All season, trying to diagnose what's ailing the Boston Celtics has basically been an NBA parlor game.
Despite staying relatively healthy, and getting 90th-percentile production out of its best player, the team oddsmakers and analysts pegged as the preseason favorite to win the Eastern Conference has looked more like a sideshow than a Finals contender.
And everyone seems to have their own theory as to why.
Is Kyrie Irving a bad leader? Have previously emboldened players been reluctant to accept reduced roles in light of Irving and Gordon Hayward returning to health?
Is Brad Stevens failing to get the team's complementary guys to buy in?
Has Jayson Tatum been falling hopelessly in love with mid-range pull-up jumpers?
Has Irving's looming free agency, and his recent about-face regarding future plans, cast a pall over the locker room?
Did the public Anthony Davis imbroglio make too many Celtics players face their own expendability?
The subtext behind those theories is that the Celtics' issues are stemming from a talent surplus - too many mouths to feed, and only so many minutes and touches on which to subsist.
As Irving said recently: "We have a bunch of young men in our locker room who feel they're capable of doing a lot more than they're doing."
There are probably kernels of truth to most, if not all, of the speculative diagnoses. But it feels like we've been dancing around the Celtics' big problem: They just aren't as good as we thought they were.
In our haste to crown Boston the present and future kings of the East, we've looked past the reality staring us in the face, mischaracterizing the struggles of a team that's actually been operating at a talent deficit compared to its chief conference competitors.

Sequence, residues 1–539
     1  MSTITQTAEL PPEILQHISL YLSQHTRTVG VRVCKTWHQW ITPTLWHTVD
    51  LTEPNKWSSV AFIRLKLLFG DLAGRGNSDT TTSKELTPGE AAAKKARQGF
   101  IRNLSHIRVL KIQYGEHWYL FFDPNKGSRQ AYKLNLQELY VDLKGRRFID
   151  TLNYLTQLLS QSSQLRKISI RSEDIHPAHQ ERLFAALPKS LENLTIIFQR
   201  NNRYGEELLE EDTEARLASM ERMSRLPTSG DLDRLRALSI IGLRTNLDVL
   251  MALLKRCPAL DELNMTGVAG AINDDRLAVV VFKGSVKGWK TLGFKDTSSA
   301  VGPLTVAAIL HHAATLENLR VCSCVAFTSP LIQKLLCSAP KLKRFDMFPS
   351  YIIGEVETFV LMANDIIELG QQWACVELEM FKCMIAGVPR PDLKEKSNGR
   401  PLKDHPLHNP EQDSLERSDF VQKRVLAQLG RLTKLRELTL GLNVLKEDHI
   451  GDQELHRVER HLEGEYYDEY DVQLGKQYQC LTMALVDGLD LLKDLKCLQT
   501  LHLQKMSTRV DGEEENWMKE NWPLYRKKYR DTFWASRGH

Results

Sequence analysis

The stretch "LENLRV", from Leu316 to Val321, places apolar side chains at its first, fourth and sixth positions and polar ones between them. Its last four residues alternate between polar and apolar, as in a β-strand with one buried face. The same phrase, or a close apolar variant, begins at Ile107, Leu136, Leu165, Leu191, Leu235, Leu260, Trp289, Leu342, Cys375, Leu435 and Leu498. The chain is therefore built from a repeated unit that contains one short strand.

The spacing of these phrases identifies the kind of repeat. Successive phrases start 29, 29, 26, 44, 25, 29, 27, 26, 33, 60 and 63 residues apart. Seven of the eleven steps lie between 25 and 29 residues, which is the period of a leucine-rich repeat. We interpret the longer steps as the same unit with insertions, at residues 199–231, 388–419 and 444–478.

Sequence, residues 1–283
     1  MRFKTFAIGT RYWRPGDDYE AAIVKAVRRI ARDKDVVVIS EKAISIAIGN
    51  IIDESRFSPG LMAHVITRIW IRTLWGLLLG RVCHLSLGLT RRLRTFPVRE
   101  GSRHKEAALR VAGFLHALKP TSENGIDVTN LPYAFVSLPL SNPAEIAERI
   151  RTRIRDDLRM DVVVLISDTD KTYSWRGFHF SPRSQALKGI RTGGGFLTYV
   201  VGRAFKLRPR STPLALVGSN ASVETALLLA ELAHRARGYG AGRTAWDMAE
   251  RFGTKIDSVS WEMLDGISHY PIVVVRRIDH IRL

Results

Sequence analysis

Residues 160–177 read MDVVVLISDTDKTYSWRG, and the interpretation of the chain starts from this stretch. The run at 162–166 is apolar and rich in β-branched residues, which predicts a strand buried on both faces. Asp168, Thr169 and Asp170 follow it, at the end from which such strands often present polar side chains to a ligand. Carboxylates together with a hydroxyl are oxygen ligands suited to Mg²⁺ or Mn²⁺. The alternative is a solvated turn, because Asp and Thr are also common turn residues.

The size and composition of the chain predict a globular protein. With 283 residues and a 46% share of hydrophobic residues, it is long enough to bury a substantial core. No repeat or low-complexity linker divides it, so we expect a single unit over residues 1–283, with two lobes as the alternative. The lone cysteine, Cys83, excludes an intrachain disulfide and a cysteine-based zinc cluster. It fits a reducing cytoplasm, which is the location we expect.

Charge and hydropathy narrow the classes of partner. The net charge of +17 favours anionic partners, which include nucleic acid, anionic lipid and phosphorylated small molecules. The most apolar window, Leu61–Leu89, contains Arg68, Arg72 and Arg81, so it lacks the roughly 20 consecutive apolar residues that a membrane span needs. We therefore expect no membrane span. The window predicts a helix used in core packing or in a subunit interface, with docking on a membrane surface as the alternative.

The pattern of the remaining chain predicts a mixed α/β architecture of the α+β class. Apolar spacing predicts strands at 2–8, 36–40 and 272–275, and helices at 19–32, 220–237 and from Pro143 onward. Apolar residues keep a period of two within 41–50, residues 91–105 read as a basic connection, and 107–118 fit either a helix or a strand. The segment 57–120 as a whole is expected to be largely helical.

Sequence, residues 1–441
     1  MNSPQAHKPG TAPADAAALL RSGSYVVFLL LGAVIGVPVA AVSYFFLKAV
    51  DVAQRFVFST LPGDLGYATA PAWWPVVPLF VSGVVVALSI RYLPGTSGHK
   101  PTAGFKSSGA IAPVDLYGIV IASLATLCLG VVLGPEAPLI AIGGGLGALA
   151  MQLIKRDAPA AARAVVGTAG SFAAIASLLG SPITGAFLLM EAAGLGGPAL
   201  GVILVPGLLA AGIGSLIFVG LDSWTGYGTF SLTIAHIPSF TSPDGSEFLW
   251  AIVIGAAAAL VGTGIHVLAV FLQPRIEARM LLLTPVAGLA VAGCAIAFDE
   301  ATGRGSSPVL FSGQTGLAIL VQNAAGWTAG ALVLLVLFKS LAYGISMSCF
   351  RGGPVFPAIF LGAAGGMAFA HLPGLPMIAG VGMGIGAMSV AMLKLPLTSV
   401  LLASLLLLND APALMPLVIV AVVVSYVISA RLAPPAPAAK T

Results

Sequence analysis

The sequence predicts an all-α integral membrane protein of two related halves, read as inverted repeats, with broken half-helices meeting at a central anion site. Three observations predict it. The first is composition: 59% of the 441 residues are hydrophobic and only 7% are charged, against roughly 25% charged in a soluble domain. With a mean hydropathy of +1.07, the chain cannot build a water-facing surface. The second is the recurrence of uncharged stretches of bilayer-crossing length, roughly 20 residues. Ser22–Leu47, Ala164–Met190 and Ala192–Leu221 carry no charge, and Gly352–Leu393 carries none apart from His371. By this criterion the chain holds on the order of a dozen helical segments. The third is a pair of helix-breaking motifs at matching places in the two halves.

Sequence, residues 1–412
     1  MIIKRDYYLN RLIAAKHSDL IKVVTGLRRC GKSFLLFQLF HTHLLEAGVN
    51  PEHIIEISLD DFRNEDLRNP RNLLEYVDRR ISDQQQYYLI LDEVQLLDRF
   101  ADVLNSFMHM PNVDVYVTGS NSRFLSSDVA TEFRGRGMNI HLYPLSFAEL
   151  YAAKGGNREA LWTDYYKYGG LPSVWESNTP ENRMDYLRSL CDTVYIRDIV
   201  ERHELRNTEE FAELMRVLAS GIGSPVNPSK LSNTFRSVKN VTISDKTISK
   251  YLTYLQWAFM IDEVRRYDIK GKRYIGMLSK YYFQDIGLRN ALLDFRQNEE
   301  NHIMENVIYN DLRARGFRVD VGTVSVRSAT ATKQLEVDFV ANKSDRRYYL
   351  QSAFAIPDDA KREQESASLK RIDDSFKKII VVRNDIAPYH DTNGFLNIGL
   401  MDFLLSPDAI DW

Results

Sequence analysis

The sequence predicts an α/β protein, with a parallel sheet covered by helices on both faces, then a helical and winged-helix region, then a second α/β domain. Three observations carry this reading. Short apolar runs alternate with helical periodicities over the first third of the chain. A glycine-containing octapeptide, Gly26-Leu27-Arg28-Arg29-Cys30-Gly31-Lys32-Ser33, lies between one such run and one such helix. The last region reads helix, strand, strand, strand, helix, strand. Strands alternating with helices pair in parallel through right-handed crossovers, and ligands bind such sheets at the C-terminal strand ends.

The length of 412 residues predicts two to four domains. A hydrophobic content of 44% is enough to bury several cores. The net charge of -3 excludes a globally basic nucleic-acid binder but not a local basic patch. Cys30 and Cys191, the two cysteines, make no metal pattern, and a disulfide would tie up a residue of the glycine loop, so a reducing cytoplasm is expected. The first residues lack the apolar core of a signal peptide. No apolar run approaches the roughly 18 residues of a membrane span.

The Celtics' rosy projections coming into the season, and the benefit of the doubt they've been afforded, were and are understandable.
They won 55 games last year despite playing without Hayward for all but five minutes. Then they lost Irving for the playoffs and still rolled to within a game of the Finals before LeBron James and an untimely 3-point shooting freeze combined to stop them in their tracks.
With Irving and Hayward rejoining the fray, the team's promising young supporting cast getting another offseason of presumed growth, and James moving West, it felt like the East would run through Boston. But it hasn't looked that way for a single moment this season, and as a result, the panic around the Celtics has steadily risen to a fever pitch.
Which is unfair, really, because many of the expectations for this team were founded on notions long proven false.
First, Hayward isn't remotely the player he was before breaking his ankle on opening night last season. Whether he can get back to that level is another question for another day, but for now, there's no use pretending he's some X-factor who may rediscover his form in time to swing the Celtics' playoff fortunes.
Even with a large portion of his minutes coming against second units, Hayward is struggling to turn the corner, shoot off the dribble, absorb contact, or otherwise assert himself. He's not a star rounding back into shape - he's just another bench player.
Hayward may be the most significant disappointment for Boston this season, but he still only represents the tip of the iceberg.
Tatum's excellent rookie season in 2017-18, and even more impressive postseason, led a lot of analysts to project an All-Star-level leap this year. Instead, he's been the same guy, with slightly less discerning shot selection.
Tatum is still a good player whose age (21) gives him a tantalizing sense of extrapolative possibility. But to this point, he's shown scant growth as a facilitator, and attempting to expand his off-the-dribble game is mostly leading to inefficient self-creation.